UK Politics

Coalition has no mandate, says Labour's John Denham

John Denham
Image caption John Denham said voters did not like what the coalition was doing

The coalition must "change direction" following Thursday's Lib Dem drubbing at the polls, Labour has said.

Shadow business secretary John Denham said the government now had "no mandate" for many of its policies and had to listen to public opinion.

The Lib Dems suffered large losses in English local elections and suffered reverses in the Scottish Parliament and Welsh Assembly.

Their Tory coalition partners' vote held up well, by contrast.

But Lib Dem leader Nick Clegg rejected calls from some of his local councillors to end the coalition to save the party - promising to see it through to its conclusion.

The Lib Dems lost 695 councillors in England, with Labour gaining 800 - short of the 1,000 some polling experts were saying the party might have expected to achieve, given that it was starting from a low base.

But party managers and MPs insisted they were happy with the result, with party leader Ed Miliband saying it showed Labour was on the road back to power.

The Conservatives' share of the vote held up well in the English local elections, with a net gain of 81 seats.

And a proposal to change the electoral system - a move supported by the Lib Dems and Labour leader Ed Miliband, even if many of his MPs were against it - was rejected in a UK-wide referendum.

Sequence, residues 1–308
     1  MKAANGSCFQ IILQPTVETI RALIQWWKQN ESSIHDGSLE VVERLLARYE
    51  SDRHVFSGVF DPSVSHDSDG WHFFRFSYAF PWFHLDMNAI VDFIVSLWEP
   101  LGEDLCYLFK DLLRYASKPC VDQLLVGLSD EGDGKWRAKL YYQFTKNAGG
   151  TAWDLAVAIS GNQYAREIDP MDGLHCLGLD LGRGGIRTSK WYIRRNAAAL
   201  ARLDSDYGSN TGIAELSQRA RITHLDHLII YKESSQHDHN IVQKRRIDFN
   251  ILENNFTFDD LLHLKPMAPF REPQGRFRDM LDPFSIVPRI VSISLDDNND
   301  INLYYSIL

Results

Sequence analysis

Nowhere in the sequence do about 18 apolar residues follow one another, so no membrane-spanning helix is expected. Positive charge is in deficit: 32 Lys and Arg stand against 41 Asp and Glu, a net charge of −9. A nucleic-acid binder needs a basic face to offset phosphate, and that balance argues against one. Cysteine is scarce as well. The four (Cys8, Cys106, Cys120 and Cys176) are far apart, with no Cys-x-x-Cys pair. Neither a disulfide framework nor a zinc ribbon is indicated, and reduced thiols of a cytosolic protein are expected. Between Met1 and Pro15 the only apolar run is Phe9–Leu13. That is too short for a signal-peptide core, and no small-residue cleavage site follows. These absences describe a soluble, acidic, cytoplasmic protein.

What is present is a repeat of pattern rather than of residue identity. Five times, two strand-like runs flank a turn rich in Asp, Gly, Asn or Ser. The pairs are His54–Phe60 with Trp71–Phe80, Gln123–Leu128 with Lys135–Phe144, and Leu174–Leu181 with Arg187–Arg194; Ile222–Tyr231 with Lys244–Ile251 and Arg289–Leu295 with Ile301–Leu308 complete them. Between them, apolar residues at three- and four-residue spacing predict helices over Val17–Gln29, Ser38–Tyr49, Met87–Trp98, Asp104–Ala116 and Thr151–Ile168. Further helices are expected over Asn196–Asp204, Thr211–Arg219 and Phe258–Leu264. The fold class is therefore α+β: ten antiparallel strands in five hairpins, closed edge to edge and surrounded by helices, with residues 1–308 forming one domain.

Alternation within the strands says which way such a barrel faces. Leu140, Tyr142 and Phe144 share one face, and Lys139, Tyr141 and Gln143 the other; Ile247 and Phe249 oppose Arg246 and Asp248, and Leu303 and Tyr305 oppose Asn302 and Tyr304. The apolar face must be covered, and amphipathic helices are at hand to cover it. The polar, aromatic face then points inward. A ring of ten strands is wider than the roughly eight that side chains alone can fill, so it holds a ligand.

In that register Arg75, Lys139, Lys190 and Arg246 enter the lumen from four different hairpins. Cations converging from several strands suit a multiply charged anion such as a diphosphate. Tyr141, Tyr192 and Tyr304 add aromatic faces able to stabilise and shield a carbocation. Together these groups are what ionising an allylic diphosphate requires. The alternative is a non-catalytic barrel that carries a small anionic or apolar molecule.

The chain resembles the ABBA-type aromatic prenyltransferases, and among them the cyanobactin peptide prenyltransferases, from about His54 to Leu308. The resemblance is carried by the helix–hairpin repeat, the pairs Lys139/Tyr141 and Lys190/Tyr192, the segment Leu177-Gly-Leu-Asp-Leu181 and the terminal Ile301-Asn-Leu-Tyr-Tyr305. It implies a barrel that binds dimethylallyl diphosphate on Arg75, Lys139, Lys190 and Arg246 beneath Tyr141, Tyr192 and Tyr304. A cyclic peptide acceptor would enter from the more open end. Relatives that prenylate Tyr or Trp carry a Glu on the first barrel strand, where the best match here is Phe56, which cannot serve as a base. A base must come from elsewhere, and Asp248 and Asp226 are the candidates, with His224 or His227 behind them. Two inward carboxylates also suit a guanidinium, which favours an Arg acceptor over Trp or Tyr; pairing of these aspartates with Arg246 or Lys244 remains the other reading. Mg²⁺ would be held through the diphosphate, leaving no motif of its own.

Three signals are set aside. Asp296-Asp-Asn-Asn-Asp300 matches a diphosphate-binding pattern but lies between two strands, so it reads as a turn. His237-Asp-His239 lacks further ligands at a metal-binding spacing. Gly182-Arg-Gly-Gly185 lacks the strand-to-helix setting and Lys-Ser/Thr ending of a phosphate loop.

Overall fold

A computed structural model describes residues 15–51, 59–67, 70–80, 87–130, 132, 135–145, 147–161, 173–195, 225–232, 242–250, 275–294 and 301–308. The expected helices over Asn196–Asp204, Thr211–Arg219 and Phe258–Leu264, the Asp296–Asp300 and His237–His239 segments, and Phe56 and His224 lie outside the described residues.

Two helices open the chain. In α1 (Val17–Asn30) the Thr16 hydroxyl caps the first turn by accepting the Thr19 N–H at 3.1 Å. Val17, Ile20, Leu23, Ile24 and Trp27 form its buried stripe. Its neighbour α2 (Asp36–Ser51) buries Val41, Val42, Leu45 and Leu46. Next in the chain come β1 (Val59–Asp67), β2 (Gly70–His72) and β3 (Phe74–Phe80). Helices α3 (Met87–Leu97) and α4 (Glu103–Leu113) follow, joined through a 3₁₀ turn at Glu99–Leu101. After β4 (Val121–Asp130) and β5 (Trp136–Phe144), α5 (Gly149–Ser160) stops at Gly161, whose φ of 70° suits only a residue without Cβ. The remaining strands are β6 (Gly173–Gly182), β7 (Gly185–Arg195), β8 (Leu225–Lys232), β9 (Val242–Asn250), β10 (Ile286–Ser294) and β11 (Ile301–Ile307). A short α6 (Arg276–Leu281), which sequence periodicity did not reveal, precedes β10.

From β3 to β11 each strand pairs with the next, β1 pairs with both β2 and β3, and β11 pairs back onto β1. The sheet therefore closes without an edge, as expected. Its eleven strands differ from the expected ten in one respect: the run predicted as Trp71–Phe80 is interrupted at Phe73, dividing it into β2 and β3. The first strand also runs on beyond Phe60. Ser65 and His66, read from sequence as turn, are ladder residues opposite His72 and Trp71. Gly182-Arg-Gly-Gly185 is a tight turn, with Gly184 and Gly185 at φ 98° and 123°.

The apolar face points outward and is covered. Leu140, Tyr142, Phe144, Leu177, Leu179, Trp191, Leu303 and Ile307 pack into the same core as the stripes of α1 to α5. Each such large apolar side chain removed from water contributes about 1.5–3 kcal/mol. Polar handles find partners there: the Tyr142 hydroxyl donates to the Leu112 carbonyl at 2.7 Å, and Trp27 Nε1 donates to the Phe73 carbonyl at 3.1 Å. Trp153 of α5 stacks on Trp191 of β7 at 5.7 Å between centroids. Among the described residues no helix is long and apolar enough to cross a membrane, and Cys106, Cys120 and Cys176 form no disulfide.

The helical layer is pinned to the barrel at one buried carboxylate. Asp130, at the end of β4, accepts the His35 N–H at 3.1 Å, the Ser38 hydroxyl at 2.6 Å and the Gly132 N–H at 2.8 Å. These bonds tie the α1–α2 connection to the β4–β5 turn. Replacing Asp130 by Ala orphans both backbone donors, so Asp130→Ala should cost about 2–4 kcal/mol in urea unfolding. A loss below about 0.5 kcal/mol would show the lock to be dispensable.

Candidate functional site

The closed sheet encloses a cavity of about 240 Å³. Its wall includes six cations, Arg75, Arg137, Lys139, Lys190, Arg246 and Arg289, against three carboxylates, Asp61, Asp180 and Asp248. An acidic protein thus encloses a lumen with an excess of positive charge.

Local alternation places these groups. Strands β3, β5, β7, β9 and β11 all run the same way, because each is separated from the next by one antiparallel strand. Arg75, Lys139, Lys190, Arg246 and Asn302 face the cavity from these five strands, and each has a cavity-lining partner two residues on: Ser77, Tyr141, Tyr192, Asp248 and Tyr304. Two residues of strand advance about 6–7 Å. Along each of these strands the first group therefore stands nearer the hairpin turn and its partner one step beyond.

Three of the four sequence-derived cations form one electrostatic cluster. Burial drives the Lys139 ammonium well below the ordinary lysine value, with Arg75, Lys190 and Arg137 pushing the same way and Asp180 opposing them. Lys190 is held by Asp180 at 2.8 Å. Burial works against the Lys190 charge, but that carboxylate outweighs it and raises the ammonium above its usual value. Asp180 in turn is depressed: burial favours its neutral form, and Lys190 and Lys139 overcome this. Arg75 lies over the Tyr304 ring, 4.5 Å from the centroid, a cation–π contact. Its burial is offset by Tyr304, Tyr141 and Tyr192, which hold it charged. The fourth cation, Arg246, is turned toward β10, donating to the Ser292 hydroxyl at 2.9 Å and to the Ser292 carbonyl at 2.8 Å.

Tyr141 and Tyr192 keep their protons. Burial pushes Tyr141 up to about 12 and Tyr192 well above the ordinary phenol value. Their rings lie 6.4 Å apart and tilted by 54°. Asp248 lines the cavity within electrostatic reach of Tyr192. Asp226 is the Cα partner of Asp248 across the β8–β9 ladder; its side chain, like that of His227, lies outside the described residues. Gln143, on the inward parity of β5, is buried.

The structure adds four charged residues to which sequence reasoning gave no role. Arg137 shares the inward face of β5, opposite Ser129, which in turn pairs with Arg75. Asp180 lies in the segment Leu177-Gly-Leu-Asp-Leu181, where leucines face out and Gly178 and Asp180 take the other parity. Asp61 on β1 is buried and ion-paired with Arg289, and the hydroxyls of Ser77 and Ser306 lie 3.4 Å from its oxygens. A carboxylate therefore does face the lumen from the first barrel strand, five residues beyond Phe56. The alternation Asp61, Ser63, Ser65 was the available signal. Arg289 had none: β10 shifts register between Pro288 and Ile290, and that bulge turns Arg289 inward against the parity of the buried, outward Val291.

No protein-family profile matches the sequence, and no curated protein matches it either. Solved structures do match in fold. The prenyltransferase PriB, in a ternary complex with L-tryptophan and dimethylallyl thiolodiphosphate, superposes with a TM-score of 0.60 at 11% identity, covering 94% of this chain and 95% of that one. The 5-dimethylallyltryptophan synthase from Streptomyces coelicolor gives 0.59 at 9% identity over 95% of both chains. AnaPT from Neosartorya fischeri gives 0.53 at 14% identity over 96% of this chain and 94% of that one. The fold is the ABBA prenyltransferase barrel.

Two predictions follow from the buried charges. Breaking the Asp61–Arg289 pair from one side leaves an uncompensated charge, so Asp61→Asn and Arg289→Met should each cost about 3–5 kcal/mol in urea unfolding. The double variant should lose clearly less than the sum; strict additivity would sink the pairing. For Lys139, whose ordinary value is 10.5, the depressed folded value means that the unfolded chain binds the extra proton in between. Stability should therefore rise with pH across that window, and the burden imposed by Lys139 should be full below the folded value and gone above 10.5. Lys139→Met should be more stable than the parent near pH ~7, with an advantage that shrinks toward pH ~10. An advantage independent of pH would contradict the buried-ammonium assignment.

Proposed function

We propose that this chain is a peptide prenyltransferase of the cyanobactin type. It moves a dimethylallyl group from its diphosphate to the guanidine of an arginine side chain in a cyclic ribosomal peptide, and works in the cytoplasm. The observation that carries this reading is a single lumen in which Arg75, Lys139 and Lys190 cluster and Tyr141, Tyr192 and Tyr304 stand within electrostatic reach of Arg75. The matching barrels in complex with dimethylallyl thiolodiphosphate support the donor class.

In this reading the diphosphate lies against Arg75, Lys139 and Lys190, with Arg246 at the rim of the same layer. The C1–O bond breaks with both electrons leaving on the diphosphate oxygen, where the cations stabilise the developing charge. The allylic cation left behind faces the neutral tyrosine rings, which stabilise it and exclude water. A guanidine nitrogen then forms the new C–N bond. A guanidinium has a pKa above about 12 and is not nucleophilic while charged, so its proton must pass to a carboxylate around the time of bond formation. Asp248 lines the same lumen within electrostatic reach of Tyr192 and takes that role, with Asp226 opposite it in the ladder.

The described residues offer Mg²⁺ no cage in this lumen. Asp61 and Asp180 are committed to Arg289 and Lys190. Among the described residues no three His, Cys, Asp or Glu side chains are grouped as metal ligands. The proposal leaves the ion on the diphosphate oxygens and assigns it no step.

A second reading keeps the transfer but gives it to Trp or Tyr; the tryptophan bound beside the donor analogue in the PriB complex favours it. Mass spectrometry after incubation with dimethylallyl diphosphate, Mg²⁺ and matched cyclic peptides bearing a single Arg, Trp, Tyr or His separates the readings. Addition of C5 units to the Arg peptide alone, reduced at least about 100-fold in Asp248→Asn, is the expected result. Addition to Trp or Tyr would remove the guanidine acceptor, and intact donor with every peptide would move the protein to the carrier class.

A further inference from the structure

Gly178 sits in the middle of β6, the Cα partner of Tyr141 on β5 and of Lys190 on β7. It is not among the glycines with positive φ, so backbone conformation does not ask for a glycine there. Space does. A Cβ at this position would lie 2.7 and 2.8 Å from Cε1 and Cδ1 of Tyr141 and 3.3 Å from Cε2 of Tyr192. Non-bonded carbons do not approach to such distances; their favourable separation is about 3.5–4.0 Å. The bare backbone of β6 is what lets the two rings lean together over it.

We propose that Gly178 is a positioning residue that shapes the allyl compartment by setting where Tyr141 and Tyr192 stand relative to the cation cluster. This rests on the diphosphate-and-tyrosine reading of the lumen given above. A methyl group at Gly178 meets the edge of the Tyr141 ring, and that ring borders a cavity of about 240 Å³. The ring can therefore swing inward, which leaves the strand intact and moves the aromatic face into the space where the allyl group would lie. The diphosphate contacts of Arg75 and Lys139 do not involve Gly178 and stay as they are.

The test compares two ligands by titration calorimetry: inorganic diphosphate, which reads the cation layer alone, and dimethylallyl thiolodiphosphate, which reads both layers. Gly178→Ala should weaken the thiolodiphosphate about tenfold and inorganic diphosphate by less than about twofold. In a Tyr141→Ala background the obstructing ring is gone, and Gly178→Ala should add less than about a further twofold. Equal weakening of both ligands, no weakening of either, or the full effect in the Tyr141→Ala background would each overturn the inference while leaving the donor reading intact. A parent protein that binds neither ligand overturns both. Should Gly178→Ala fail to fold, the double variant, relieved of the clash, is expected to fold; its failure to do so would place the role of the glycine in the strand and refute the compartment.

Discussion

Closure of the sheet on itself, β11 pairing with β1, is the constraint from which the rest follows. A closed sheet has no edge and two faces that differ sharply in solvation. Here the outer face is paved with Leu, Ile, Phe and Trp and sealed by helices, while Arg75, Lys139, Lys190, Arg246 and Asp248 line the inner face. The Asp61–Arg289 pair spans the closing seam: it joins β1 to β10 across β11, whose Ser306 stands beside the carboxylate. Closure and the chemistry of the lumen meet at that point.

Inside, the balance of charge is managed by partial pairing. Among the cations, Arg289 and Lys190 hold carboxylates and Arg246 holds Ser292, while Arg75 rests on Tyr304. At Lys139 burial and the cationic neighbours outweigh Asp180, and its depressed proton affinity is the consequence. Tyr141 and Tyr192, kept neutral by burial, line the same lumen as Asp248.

'Quite wrong'

Labour was also soundly beaten by the SNP in Scotland, taking 32 fewer seats than its rival party, and failed to win a majority in the Welsh Assembly by a single seat.

But Mr Denham told the BBC News Channel that his party had won the largest share of the vote across the UK.

He said: "The coalition government needs to listen to what people are saying. The collapse of support for the Lib Dems... is a clear message that people don't like what the government is doing.

"It would be quite wrong if they just come back next week and plough on with cuts in public spending, raising VAT and damaging young people by removing support and raising tuition fees."

He added: "There's a lot of anger at things that the Tory-led coalition are doing, a coalition that nobody voted for. They've no mandate for it and need to change direction...

"This is a Tory-led government. The Lib Dems have chosen to support it... The coalition needs to listen to the people of this country."

'Temporary demise'

But Labour former home secretary David Blunkett warned Ed Miliband he had to "learn some very substantial lessons" from Thursday's results.

He said the Labour leader had to focus on attracting voters back from Tories if he was to get the party back into power at the next general election, expected in four years.

He told Sky News: "We did do extremely well in areas where we were fighting the Liberal Democrats.

"The challenge however - given the at least temporary demise of the Liberal Democrats across the country - is to take on the Conservatives.

"Whilst in cities like Sheffield, we had to fight the Lib Dems, we have got to actually win over Tory supporters and non-voters. That's the challenge.

"There are some very substantial lessons to be learnt if we are going to win in four years' time."

Mr Blunkett - a vocal opponent of the alternative vote system during the referendum campaign - urged Mr Miliband to stick to "bread-and-butter issues" rather than "airy-fairy" issues such as changing the voting system.

In a by-election in Leicester South, Labour held on the the seat with an increased majority, although the Lib Dems remained in second place.

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